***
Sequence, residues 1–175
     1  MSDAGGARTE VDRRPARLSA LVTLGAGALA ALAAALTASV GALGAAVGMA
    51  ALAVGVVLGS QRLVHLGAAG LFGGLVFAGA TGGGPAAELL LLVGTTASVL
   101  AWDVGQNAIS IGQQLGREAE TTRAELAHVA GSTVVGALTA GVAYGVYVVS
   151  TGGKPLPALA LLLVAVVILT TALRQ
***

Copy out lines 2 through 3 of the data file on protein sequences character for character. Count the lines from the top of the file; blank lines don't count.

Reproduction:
     1  MSDAGGARTE VDRRPARLSA LVTLGAGALA ALAAALTASV GALGAAVGMA
    51  ALAVGVVLGS QRLVHLGAAG LFGGLVFAGA TGGGPAAELL LLVGTTASVL